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A line dance is a choreographed dance with a repeated sequence of steps in which a group of people dance in one or more lines or rows, all facing in the same direction, and executing steps at the same time for the duration of the music.

The sequences, often called a "wall", most commonly last for 32, 48 or 64 beats of the music and can include tags, phrasing and restarts.

Although there are usually several lines of dancers, small groups may only form one line, but it's still considered a line dance even if only two people are participating.

Line dancers are not in physical contact with each other.

Although a variety of music may be used, the major emphasis is on country and western music.

Line dancing is most directly descended from the 1970's disco era, when America saw a variety of new dances emerge. In this same era, country and western line dancing emerged although it was not until later, in the 1980's that the term "line dancing" was coined and used. Some claim that line dancing finds its roots in historical folk dances, in particular contra dancing which shares key similarities with many of todays line dances; others say it stemmed from contemporary disco. Whatever its source, popularity and growth of line dancing has been inextricably tied to country and western music.

In 1980 Jim Ferrazzano choreographed the "Tush Push", which is still a well known line dance today. This is the first known choreographed line dance.

In 1992 Billy Ray Cyrus released "Achy Breaky Heart". As part of the promotion for his song, Melanie Greenwood was asked to choreograph a dance to the song. The song went on to become one of the biggest country songs of the 1990's. The huge success of the song also brought line dancing into the awareness of the general public. Thanks to it's connection to Cyrus' song, line dancing became identified with country music.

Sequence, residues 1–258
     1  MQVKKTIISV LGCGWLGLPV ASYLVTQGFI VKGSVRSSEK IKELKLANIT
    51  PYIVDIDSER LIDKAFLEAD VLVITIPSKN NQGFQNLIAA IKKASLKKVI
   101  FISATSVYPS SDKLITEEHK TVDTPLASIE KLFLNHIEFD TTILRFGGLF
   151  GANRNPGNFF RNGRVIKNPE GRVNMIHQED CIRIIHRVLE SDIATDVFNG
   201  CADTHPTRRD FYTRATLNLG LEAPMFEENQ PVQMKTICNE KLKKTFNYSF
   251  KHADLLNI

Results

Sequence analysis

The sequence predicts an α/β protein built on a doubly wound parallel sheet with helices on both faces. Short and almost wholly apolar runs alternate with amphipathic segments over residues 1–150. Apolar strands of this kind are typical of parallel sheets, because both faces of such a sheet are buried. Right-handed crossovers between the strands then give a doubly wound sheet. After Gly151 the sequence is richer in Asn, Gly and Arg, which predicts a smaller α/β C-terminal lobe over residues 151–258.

Since its birth, line dancing began incorporating many musical styles besides country, and country music began to appear in the pop charts. Line dancing choreographers were becoming increasingly experienced and were beginning to experiment, looking to other musical styles and writing dances to songs that they liked, rather than writing dances to currently popular country songs. Line dancing now uses more than just the "stereotypical" country music, in fact line dancers dance to most styles of music: country as well as modern pop music, Irish and Latin just to name a few.

Now line dancing is considered an art form of its own, with its own terminology and standardised steps.

The popular impression is that line dancing is counrty. To the average non-line dancer, line dancing consists of people dressed up in cowboy gear shuffling around to old country classics. While some line dancers do still dress up in western gear today, that look has become almost extinct.

Basic line dances focus on movements of the legs and feet, with more advanced dances including the arms and hands. The movements of a line dance are marked as "counts" where one count generally equals one musical beat, with a particular movement or step taking place at each beat.
A line dance will have a certain number of counts, meaning the number of beats in one complete sequence of the dance. For example, a 64-count dance would contain 64 beats. The number of beats does not necessarily equal the numnber of steps, however, as steps can be performed between two beats or over more than one beat.

Each dance is said to consist of a number of "walls". A wall is the direction in which the dancers face at any given time: the front (the direction faced at the beginning of the dance), the back or one of the two sides. Dancers may change direction many times during a sequence, and may even, at any given point, be facing in a direction half-way between the two walls; but at the end of the sequence they will be facing the original wall or any of the other three. Whichever wall that is, the next iteration of the sequence uses that wall as the new frame of reference.

The number of walls can vary from line dance to line dance. Some dances are strictly two-wall dances. Four wall dances are the most common type of line dance. Given there are only four cardinal directions, line dances will never exceed a fourth wall. Though rare, some dances only face one wall.